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Thursday, 8 November 2012
BLACK SOCIAL HISTORY: IN 1961 JOHN HOWARD GRIFFIN EMBARK ON AN EXPERIMENT " BLACK LIKE ME" WAS THE BOOK RESULT;
This year marks the 50th Anniversary of the publication of the book "BLACK LIKE ME " by John Howard Griffin a white man from Mansfield, Texas, who gained international fame for being Black for six weeks. The hatching of the Idea that became Griffin claim to fame is well known. In the autumn of 1959, Griffin proposed to George Levitan, the owner of an African-American News Magazine published in Forth Worth that he darken his skin and attempt to live as a Black Man in the deep south. The experience would be well spring for a series of articles that ran in the magazine the following year and the basis for the 1961 best seller.
The Deep South had Jim Crow Segregation Laws, that has develop after the slave trade, a means of keeping Black People down, oppress them and in certain cases Lynch them after accusing them of raping white women. Griffins clandestine journey into the American nightmare begins in New Orleans a city he has visited as a white man with no problems, he was accepted as the superior race that roam the city as Gods on earth, but as a Black Man he was shock to see how down trodden Black People were in the jobs market, were they lived, what and were they can go and above all the evil of Deep South Jim Crow Segregation Laws, written and unwritten.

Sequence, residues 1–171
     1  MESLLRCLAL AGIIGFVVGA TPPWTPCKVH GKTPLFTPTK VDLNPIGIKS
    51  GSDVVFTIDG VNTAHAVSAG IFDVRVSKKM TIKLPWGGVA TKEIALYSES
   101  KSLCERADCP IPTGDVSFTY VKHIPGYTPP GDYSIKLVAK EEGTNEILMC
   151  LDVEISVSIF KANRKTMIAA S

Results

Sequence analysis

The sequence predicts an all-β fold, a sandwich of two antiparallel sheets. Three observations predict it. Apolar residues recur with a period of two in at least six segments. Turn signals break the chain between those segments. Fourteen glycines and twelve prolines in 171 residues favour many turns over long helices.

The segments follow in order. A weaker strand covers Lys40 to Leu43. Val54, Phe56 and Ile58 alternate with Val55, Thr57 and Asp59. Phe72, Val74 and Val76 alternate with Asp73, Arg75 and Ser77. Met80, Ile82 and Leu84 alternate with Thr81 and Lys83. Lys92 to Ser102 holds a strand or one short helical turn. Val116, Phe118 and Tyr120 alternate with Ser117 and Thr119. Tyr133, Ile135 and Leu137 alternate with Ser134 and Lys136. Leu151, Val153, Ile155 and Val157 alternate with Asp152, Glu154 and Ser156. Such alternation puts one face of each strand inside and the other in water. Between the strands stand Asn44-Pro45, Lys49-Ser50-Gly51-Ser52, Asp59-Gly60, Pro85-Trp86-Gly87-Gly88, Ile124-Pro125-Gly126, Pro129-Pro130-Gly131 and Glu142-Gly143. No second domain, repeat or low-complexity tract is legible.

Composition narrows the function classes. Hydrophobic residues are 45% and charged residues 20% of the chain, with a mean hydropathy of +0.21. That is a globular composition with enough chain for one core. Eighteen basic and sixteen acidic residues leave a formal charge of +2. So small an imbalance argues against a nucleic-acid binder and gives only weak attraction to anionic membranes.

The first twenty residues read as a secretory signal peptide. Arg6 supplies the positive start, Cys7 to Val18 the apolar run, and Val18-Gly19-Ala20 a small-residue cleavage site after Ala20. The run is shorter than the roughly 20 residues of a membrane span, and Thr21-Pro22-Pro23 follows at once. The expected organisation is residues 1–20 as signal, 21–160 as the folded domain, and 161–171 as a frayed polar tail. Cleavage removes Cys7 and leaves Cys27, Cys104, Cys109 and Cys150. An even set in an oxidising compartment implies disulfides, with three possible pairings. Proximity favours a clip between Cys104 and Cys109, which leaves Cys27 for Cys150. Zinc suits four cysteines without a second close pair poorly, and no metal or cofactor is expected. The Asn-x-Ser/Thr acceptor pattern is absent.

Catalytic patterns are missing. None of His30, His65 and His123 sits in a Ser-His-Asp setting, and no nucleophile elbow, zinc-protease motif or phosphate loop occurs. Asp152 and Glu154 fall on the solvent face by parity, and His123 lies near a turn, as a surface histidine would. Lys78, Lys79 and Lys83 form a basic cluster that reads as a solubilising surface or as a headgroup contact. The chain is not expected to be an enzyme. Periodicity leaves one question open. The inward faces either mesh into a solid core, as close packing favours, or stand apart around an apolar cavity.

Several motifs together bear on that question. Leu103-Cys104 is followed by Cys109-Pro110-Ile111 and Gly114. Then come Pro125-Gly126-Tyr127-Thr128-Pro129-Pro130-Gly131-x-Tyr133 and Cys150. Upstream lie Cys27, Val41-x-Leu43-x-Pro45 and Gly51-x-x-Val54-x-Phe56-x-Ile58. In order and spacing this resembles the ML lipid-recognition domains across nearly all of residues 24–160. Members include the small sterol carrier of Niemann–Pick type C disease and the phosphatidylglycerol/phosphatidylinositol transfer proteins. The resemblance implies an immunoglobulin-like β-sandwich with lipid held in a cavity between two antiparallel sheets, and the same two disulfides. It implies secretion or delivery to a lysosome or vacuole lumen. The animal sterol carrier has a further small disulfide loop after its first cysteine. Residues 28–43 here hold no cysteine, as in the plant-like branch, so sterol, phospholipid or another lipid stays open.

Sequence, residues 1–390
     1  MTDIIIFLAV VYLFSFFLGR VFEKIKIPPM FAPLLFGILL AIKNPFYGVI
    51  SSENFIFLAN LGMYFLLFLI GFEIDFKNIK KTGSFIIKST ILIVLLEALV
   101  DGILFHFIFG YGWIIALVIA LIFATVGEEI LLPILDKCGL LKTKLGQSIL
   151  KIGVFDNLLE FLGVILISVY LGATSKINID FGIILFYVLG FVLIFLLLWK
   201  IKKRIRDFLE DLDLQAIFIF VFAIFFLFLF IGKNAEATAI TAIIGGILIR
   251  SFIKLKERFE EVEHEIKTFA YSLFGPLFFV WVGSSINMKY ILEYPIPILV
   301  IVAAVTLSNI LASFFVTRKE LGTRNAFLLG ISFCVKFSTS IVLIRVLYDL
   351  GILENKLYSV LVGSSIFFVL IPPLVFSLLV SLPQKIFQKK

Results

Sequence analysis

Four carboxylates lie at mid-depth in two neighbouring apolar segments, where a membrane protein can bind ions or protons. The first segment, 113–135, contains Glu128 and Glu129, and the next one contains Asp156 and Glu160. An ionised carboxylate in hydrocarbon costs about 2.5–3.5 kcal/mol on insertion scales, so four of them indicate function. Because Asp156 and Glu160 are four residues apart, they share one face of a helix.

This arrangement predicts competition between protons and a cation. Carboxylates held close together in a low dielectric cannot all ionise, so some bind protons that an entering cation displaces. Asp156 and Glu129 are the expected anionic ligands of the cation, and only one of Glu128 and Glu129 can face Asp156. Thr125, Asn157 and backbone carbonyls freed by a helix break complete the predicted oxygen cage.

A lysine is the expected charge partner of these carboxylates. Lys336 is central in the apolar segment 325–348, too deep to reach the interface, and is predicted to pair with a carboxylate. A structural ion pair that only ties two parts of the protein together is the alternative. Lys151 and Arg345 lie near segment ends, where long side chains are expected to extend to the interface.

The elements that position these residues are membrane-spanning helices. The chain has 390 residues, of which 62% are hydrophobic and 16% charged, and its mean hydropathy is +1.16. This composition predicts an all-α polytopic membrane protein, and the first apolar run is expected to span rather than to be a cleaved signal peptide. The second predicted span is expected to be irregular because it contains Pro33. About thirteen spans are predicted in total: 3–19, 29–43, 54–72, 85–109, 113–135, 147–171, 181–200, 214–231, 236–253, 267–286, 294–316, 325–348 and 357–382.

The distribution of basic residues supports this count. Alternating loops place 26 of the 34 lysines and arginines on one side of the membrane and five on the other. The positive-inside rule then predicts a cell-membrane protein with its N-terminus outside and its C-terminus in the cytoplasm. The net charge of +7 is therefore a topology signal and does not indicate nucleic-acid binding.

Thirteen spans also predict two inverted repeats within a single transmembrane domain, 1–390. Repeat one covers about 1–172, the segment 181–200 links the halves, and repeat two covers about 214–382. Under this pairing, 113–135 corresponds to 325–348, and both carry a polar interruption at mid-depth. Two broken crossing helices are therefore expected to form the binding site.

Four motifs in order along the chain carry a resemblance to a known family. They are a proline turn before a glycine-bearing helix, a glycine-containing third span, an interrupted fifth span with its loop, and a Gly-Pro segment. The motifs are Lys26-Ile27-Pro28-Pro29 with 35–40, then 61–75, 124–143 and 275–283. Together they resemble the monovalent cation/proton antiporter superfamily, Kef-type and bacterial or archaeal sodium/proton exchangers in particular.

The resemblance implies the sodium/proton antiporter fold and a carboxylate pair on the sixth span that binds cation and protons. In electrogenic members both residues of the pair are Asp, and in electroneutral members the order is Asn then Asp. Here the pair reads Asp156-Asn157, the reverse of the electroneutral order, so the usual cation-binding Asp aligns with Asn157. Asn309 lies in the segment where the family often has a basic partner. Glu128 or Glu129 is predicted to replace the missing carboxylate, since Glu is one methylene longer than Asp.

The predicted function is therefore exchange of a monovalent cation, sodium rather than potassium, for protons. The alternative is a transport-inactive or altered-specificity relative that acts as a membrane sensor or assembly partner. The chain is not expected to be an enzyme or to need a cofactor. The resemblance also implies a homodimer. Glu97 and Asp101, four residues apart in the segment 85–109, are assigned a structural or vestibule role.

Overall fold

The Moral Hypocrisy And Sexual Hang-Ups of White People and the truth about Black Sexuality, one of the incident is a lift given to him by a young white driver, all he wanted to talk about is how Black People behave behind close doors in all their sexual activities. .The fact that Black People dont hold back on their performance, all the different styles they can get up to, position that white people can only dream of, styles that whites have no idea about and then ask him to show his tool. Which he refused, as the poor young man has never seen a Black Person Naked in all his life. The only job he could get was as a shoe shine boy, and when he attended interviews the jobs have always gone.
The Question is it relevant today fifty years later, my answer to that my personal experience states that its as relevant today as it was years ago, only different is, its gone underground which makes it a million times more difficult to fight and get rid off.